As for the defectors' ploy, its transparency is embarrassing. The morality of scientists who develop weapons of mass murder is, to say the least, questionable. Bush is openly offering such scientists safe haven in exchange for saying what he wants to hear. That's powerful incentive for them to go on record with whatever fabrication suits Bush. "The key to the next few months is getting a couple of good defectors" [my italics]. So said "one senior administration official" on Nov. 8. He went on: "That's why we put in the perjury clause." The Times explained that clause: It "stipulates that any omission from Mr. Hussein's list would itself constitute a 'material breach' and give Mr. Bush the basis for military action."
Can such defectors be trusted? Ralph Ekeus was chief of a former UN weapons-inspection team in Iraq. He has been praised by conservative American commentators as "tough-minded"; they've repeatedly regretted that he is not heading the current inspections. In his role as inspections chief he interrogated Iraqi weapons-program defectors. On Nov. 19 he was quoted by The New York Times as to the defectors' testimony: "Ninety percent of what they were saying was crap."
Yet, by the administration's own admission, the testimony of two such defectors ("a couple") will be enough to plunge our country into war.
When the UN resolution was passed Bush warned everyone not to argue with him: "The world must not lapse into unproductive debates over whether specific instances of noncompliance are serious." Which means: He intends to bribe "a couple of good defectors," and he defies anyone to question their veracity.
On Nov. 8, the day the Security Council finally passed its Iraq resolution, Bush said "the outcome of the current crisis is already determined: the full disarmament of Iraq will occur." Most reliable testimony suggests that the full disarmament of Iraq has occurred. Nevertheless, as far as Bush is concerned, "the outcome of the current crisis is already determined."
You don't think that this whole thing with Iraq could have anything to do with the fact that Iraq sits on 10% of the world's oil reserves? Naw. It's gotta be them weapons of mass destruction. (North Korea, which has no oil, admits having atomic weapons; we have no plans to invade.)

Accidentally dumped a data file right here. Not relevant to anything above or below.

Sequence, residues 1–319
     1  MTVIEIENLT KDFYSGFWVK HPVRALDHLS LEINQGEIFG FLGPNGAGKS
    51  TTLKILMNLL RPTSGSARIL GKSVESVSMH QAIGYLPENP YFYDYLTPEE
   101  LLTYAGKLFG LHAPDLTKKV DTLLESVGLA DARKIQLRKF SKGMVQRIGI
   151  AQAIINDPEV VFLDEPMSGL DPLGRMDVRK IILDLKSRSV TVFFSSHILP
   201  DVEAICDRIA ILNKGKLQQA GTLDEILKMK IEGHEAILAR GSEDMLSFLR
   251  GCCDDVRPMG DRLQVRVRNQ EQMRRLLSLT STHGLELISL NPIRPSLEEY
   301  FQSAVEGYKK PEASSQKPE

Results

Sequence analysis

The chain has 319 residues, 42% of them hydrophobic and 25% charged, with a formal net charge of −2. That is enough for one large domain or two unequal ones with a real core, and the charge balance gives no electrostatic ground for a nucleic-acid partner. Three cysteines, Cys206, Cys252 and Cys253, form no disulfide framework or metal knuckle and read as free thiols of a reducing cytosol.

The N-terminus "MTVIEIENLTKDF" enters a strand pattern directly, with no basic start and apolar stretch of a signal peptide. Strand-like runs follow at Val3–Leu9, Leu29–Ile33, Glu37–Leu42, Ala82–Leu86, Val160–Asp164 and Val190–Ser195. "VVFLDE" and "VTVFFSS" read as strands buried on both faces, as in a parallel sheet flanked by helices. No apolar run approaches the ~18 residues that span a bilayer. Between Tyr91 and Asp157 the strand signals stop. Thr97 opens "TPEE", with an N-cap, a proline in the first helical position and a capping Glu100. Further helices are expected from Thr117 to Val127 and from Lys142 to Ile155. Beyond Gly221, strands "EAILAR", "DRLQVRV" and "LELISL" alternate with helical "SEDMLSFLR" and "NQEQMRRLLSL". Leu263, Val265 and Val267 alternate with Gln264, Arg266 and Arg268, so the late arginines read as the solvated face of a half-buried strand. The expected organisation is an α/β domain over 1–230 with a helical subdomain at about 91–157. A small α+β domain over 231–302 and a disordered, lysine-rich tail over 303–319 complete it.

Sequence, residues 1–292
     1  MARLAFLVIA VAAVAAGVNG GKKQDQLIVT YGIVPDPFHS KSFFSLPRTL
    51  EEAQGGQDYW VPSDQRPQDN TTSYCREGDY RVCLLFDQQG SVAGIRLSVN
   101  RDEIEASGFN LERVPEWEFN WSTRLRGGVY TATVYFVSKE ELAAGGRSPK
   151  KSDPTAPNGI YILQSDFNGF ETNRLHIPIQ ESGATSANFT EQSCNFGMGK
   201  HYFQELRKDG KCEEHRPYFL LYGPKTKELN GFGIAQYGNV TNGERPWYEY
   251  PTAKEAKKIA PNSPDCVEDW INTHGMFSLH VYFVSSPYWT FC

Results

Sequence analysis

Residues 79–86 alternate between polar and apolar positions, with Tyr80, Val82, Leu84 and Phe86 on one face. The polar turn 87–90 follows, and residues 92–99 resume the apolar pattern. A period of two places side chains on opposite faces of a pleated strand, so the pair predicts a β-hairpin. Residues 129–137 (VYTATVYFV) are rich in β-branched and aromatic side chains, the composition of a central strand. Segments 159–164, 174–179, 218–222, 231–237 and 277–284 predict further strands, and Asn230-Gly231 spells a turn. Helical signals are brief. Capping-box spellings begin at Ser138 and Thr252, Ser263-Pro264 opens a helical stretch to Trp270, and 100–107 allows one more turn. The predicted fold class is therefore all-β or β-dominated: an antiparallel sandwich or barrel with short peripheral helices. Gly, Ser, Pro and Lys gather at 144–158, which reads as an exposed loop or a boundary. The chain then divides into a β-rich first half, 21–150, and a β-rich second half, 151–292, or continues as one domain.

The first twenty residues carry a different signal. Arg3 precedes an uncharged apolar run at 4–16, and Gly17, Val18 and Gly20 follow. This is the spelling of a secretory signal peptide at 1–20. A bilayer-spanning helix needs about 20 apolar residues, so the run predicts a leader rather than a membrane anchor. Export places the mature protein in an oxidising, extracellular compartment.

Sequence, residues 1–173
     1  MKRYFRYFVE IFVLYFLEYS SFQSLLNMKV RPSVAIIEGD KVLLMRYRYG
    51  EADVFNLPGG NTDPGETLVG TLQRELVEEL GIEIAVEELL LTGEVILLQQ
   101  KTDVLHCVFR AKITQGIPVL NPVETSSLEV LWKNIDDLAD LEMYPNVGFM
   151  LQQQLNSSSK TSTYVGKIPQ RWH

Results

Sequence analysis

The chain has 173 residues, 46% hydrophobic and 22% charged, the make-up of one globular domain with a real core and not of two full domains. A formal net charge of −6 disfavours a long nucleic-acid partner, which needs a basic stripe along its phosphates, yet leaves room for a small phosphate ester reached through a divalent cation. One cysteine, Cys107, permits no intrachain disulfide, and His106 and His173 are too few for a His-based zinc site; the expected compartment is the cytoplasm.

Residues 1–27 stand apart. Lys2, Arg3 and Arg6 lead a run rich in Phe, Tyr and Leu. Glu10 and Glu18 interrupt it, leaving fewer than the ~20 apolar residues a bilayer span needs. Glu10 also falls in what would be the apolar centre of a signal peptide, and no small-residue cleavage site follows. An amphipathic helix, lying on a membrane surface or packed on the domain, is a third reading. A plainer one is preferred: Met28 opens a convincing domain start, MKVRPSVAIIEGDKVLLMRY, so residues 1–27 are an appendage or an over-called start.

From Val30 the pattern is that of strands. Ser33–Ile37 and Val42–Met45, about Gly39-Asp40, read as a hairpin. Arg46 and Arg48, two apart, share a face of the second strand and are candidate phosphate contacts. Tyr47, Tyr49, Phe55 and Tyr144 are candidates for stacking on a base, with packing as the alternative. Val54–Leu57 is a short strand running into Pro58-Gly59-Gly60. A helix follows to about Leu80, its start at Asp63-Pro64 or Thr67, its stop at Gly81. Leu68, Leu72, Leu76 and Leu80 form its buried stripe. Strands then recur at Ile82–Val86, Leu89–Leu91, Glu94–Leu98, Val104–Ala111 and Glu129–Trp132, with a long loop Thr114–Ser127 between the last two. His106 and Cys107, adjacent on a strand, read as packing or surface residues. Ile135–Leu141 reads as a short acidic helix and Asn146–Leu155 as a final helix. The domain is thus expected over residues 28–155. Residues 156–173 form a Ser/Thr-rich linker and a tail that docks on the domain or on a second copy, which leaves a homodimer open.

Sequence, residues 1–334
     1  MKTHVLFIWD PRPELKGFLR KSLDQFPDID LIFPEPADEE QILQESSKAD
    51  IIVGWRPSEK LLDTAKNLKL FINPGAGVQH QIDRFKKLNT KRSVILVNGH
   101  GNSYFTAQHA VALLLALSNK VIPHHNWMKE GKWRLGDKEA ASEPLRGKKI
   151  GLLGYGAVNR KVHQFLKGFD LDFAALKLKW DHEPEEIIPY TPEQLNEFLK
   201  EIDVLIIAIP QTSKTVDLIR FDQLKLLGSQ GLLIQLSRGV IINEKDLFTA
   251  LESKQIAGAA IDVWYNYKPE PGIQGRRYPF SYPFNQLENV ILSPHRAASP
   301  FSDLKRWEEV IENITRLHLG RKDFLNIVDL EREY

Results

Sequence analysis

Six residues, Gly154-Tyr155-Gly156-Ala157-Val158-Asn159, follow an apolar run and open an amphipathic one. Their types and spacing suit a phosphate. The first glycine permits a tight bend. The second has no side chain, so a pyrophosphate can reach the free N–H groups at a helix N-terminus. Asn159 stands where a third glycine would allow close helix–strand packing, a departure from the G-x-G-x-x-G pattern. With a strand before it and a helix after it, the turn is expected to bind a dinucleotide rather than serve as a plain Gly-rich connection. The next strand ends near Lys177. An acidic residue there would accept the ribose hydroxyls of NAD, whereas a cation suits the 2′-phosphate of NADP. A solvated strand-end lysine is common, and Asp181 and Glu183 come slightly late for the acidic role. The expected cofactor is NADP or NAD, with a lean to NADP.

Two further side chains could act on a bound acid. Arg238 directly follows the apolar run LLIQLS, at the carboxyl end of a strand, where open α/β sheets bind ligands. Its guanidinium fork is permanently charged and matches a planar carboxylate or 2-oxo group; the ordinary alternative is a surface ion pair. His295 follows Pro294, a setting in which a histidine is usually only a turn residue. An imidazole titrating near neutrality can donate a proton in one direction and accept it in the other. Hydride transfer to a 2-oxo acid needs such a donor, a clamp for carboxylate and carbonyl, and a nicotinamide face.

Three thousand died in the indefensible attack on the World Trade Center. On Nov. 22, The New York Times reported that "tens of thousands of [American] patients die each year as a result of medical errors." If Bush was really concerned with your security and mine, you'd think he'd address that. You'd at least think he'd address this: The New York Times on Nov. 21 reported that "last summer Congress approved an emergency appropriations bill that included $39 million to upgrade federal inspections of container ships for dangerous cargo. But the president never allowed the money to be spent because he did not consider the problem to be an emergency. Last month, a study by former senators Gary Hart [Democrat] and Warren B. Rudman [Republican] concluded that the failure to adequately inspect cargo shipments entering United States ports was one of the government's most serious security lapses." Nor has Bush strengthened the protection of our nuclear reactors. Addressing such issues would make us lots safer, but it would not increase Bush's power or the revenues of the oil companies to which he and Cheney owe their lifeblood. It's that simple and that awful. The fact is, most Americans don't read well enough or often enough to know what's going on. For the ignorant, lies are easier to absorb than the truth. For thousands of the innocent on all sides, that means just one irreversible thing: death.